Should Teachers and Students Be “Friends” Online?
Teachers are getting fired for their online relationships with students.
Posted February 7, 2012
While most educators behave appropriately online, there are a few who don't. And as the saying goes, one bad apple spoils the whole bunch. It only takes one teacher appearing on national television not using common sense online to taint the perception of educators across the nation. It is because of this that school districts across the US are scrambling to create policies that limit or ban conversations between educators and students via texting and social media platforms. Today school districts are trying to balance not only cyberbullying, but also freedom of speech and rights of privacy. The latter two don't just apply to students but to educators as well. Research is revealing that educators are being fired because of what they're posting and doing online.
In order to protect themselves, many school districts require teachers to sign some form of acceptable use policy regarding electronic communication use. Most school systems warn teachers to use caution when communicating with students online and to be wary of what they post. Teachers who behave inappropriately or have online pictures of themselves drinking, partying, etc. could face termination.
So, how does all of this affect you? Where do you draw the line? Should your child's teacher be his/her "virtual friend"? The answer may not be straight forward because it all depends on who you ask.
Proponents of educators using social media platforms to communicate with students argue that technology is a great teaching tool. They feel that social media is a positive way to connect to students in the world they live in. Students are online so much that closing a door to reach out to them is an opportunity missed. Plus, they feel that restricting their access to communicate online infringes on their constitutional rights.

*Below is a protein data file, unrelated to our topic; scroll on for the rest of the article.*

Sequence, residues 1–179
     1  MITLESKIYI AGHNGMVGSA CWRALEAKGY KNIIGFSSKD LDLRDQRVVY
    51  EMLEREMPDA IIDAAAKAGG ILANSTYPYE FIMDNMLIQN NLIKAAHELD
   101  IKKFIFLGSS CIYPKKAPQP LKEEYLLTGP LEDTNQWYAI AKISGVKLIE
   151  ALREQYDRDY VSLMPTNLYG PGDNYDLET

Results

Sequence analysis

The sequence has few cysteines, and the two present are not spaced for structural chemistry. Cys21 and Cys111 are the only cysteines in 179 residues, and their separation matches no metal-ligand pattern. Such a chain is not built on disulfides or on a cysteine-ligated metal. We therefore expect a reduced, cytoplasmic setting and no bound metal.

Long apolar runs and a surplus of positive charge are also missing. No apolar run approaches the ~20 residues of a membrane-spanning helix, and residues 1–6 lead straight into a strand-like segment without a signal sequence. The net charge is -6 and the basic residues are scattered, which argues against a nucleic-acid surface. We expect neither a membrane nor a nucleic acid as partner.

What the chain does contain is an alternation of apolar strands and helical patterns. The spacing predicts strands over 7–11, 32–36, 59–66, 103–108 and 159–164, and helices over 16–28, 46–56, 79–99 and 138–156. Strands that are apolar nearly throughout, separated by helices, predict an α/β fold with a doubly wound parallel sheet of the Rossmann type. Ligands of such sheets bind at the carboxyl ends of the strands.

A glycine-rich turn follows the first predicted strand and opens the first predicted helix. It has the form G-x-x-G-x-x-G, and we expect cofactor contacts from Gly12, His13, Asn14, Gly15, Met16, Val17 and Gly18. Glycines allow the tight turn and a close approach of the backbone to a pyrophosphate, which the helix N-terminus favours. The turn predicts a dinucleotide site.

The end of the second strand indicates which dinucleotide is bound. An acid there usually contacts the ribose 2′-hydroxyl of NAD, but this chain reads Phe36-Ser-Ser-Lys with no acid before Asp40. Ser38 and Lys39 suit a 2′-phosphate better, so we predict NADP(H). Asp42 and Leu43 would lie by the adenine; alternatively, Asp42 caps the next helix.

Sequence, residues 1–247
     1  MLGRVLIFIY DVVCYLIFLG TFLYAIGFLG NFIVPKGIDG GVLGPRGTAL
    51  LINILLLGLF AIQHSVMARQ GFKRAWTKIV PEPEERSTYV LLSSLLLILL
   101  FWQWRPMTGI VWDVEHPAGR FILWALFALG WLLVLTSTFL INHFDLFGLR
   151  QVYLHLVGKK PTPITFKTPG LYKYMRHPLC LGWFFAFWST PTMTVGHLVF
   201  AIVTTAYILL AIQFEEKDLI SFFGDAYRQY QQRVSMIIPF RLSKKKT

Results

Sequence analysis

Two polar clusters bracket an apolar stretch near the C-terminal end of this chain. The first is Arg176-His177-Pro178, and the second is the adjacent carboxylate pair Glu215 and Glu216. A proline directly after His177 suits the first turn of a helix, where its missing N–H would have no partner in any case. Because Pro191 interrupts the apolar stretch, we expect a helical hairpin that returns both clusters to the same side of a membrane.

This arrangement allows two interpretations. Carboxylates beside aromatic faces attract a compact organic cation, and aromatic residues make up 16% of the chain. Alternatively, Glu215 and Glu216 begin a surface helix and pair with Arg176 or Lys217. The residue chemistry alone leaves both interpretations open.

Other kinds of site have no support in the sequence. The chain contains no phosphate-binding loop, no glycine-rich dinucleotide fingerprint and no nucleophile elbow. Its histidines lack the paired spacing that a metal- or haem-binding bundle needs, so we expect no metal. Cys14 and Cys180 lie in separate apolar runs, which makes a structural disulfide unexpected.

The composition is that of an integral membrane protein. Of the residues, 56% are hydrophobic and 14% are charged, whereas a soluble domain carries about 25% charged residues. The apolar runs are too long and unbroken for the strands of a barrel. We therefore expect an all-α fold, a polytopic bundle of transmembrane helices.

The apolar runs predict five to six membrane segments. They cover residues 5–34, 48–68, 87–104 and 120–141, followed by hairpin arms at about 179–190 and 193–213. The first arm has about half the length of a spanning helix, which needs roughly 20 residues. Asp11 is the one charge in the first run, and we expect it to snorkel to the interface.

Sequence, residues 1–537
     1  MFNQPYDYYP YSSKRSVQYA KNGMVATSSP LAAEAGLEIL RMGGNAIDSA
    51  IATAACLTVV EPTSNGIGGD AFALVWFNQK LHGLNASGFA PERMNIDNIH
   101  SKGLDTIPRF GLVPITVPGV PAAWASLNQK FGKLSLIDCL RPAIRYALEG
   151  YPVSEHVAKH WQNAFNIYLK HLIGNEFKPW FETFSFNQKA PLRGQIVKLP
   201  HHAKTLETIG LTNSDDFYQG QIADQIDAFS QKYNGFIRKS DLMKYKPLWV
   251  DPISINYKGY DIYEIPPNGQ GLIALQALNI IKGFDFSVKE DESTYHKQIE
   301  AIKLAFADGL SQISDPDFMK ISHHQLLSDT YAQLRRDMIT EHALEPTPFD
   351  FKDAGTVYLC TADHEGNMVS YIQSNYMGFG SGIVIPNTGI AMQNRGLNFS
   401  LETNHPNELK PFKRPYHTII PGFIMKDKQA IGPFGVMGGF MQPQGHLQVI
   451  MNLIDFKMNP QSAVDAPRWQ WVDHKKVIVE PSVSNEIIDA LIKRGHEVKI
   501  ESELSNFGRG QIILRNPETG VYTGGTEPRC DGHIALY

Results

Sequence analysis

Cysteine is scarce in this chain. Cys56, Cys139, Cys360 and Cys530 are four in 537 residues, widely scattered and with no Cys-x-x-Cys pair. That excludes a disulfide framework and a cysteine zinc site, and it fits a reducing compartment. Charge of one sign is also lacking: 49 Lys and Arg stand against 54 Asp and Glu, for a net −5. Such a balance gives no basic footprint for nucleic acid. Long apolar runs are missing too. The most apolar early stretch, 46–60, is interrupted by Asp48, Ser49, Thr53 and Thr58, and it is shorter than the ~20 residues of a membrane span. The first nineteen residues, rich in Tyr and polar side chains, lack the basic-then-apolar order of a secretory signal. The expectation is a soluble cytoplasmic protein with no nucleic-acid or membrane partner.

Teachers not only teach content but they also instill values to help their students become outstanding and productive citizens. Educators teach youth by their own examples. Home and personal life don't need to spill over into the classroom. So teachers need to establish boundaries and keep their private lives, private. Aside from family, teachers spend the second largest amount of time with teens. They need to realize that they are role models both inside and outside of the classroom. Educators play a pivotal role in shaping the youth of today. Their job is invaluable to our society and should be one of the most respected positions in our nation.